Will Windows 10 users get Windows 11?
You'll be able to upgrade to Windows 11 for free if you're already a Windows 10 user. Windows 11 will be free to download for Windows 10 users. ... So long as your PC meets the minimum requirements, you'll be able to update to Windows 11 the same way you usually update to new versions of Windows 10. CNETWindows 11 will be free to download for existing Windows 10 users
Has Windows 11 been released?
Microsoft unveiled its revamped, redesigned Windows 11 operating system at a virtual event on Thursday. The latest operating system comes more than five years after Windows 10 was released, which was long-rumored to be the final version of Windows. ... Microsoft has released Windows 11, June 23, 2021. ABC NewsMicrosoft unveils 1st look at highly anticipated Windows 11
Will there be a free upgrade to Windows 11?
Microsoft has today confirmed that the new Windows 11 operating system will be available as a free upgrade for existing, licensed Windows 10 users. That means if you have an activated version of Microsoft's current OS de jour, and a PC that can handle it, you're already in line to get your hands on the new version. PC GamerMicrosoft confirms Windows 11 will be a free update for licensed Windows 10 users
Can you download Windows 11?
Windows 11 will be free to download for Windows 10 users. Windows 11 is on the way, and if you're already a Windows 10 user, it will be free to upgrade to Microsoft's newly redesigned operating system, the company said in a blog post after its virtual event Thursday. CNETWindows 11 will be a free update. Here's how you'll download it (if you're eligible)
With its announcement today that Android apps are coming to Windows 11, Microsoft could help bridge that gap a bit. Granted, the apps come by way of Amazon’s Appstore (more on why that’s an issue in a minute), but this is welcome news. It adds a layer of interoperability to the desktop platform that Apple doesn’t offer outside of its walled garden. And it’s especially enticing for Android users who aren’t sold on Chrome OS.
Microsoft is employing Intel Bridge technology to make the emulation magic happen. It’s a runtime post-compiler that allows apps designed for other hardware platforms to run natively on x86 devices, including desktop processors from Intel and AMD. They’re different architectures than those Android typically runs on, and it’ll be interesting to see the emulation in action.
Folks with 2-in-1 Windows devices will have more access to apps developed for use with touchscreens. Tapping around a browser and the rest of the Windows interface is fine, but sometimes it’s easier to fire up an app that’s optimized for the tablet mode.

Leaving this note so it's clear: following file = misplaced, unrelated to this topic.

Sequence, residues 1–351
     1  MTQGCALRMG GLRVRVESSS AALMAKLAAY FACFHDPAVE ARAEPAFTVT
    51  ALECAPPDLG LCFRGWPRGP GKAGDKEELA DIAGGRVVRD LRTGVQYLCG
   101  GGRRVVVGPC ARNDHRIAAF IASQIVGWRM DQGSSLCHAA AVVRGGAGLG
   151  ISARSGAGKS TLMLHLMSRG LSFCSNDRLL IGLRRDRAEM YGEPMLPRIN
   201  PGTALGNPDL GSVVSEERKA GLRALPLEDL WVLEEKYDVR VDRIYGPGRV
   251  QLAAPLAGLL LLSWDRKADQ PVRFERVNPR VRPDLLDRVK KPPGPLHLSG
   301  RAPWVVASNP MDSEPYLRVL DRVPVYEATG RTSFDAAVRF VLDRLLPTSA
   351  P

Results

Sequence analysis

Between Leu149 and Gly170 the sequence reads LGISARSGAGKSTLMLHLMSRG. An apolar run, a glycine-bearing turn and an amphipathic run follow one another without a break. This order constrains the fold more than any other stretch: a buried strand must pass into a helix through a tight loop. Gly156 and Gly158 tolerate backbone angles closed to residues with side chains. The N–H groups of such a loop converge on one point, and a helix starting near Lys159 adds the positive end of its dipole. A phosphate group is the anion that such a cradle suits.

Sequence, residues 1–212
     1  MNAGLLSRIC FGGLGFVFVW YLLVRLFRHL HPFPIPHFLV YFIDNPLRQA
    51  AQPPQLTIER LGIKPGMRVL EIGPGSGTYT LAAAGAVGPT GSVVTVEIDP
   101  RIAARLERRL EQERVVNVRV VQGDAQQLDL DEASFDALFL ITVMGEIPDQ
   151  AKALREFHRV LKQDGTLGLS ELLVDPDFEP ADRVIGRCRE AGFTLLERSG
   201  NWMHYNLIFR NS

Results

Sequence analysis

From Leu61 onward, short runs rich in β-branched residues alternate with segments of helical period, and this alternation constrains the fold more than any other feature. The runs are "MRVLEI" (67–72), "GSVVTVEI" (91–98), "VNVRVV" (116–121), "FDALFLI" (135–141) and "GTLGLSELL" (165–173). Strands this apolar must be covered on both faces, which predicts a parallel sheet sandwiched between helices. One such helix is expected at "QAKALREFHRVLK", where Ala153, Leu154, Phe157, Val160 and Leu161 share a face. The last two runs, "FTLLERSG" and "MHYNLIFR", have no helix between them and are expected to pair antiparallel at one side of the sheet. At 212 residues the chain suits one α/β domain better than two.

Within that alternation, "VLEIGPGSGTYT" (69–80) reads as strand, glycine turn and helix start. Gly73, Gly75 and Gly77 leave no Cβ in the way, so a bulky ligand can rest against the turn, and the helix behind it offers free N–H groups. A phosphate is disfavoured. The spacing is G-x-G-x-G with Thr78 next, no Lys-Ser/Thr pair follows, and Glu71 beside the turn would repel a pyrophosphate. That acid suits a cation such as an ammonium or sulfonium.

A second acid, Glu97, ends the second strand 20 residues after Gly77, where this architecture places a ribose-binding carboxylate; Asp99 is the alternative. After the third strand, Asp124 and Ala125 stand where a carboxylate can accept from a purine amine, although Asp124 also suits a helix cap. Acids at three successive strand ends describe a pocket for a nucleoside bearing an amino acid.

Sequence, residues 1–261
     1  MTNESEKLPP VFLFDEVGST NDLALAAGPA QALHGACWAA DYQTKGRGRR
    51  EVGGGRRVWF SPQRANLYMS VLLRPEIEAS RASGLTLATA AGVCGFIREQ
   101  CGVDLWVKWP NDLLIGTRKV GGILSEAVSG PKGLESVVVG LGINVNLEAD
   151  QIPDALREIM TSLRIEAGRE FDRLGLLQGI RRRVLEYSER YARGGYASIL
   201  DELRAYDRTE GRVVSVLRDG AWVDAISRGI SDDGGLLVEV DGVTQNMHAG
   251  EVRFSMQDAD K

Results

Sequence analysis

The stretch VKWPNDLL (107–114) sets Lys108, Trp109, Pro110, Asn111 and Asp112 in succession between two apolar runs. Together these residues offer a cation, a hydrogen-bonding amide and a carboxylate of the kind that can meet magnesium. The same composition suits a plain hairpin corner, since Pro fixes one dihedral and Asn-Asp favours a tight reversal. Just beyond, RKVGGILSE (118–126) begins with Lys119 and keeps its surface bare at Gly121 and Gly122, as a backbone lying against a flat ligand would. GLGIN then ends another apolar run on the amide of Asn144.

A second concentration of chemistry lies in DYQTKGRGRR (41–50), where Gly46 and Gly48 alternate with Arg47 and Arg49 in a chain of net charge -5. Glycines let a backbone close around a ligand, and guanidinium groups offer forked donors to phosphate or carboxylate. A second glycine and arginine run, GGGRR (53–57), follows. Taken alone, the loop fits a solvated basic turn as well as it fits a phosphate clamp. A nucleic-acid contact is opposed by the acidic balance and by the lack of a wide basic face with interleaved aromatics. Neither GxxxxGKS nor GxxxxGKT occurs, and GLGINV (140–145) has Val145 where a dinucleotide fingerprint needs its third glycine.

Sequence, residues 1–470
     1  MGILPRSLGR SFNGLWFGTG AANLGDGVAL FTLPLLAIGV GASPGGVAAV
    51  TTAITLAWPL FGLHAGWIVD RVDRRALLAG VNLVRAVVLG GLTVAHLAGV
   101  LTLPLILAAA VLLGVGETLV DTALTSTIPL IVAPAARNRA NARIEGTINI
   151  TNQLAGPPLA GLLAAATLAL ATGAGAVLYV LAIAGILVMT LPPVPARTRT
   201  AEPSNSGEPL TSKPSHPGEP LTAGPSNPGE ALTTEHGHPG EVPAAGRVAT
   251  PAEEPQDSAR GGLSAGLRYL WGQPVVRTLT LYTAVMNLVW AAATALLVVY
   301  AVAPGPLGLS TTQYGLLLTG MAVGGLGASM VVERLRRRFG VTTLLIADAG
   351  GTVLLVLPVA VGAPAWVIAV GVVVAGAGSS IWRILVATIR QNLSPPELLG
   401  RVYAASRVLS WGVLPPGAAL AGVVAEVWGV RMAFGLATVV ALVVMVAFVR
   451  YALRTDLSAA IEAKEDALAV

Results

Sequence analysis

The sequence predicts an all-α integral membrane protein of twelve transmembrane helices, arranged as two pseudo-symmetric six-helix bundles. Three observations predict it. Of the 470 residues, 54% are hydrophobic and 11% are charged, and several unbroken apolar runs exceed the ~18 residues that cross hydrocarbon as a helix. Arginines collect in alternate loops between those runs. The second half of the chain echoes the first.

Microsoft demonstrated how TikTok will work in Windows 11 during its announcement event, and mentioned Kindle and Ring as Android apps you can use right from a Windows 11 desktop. But those apps are already usable in the browser and wouldn’t necessarily require a mobile app to gain access.
We’re still unclear if there will be any sideloading ability in Windows 11. The Amazon Appstore is just not as well-stocked as Google’s, and the ability to install an APK could help fill in the gaps as more apps become available. In addition, it would allow for customizing the app experience on Windows rather than remain limited to what Amazon and participating developers push through.
If you’re an Android user, you’ll realize that the Amazon Appstore is hardly a replacement for the Google Play Store experience. That’s why it’s hard to imagine true seamlessness between Windows and Android devices in the same way macOS and iOS have. If you’re seeking that kind of ecosystem through your Google account, there is Chrome OS, which originated the idea of Android apps on the desktop.
Android apps will probably work fine on Windows machines, provided they don’t suffer from the same idiosyncrasies they do on Chrome OS. The new Windows 11 tablet interface will hopefully extend across all apps. Windows is also a full-fledged operating system, with access to the programs necessary for getting work done. Compare that to Chrome OS, based around Google’s cloud services, which has its limitations. At least in Microsoft’s case, Android apps are merely an add-on and not a feature with which it’s hedging bets.
Windows 11's new Android app integration may not be the immediate answer to my dreams of seamlessness across desktop and mobile devices. But it’s certainly an excellent start from Microsoft, and it makes sense that the company chose to work with Amazon, because, unlike Google, it’s not a direct competitor. Microsoft has Chromebooks to worry about, which have been selling like hotcakes throughout the pandemic. Depending on how easy Amazon’s Appstore is to use on Windows, this could be the future of a (hopefully) seamless cross-platform PC/Android experience.
Read full article at Gizmodo
24 June, 2021 - 08:00pm
24 June, 2021 - 08:00pm
And S Mode will now only be offered with Windows 11 Home.
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24 June, 2021 - 03:57pm